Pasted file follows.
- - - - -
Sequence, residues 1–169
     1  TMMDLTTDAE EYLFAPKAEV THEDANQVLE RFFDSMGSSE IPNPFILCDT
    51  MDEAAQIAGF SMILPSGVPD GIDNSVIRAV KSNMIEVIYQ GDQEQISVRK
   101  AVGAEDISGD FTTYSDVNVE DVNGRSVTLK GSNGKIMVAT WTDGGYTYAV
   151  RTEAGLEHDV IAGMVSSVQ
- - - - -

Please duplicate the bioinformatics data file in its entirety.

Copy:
Sequence, residues 1–169
     1  TMMDLTTDAE EYLFAPKAEV THEDANQVLE RFFDSMGSSE IPNPFILCDT
    51  MDEAAQIAGF SMILPSGVPD GIDNSVIRAV KSNMIEVIYQ GDQEQISVRK
   101  AVGAEDISGD FTTYSDVNVE DVNGRSVTLK GSNGKIMVAT WTDGGYTYAV
   151  RTEAGLEHDV IAGMVSSVQ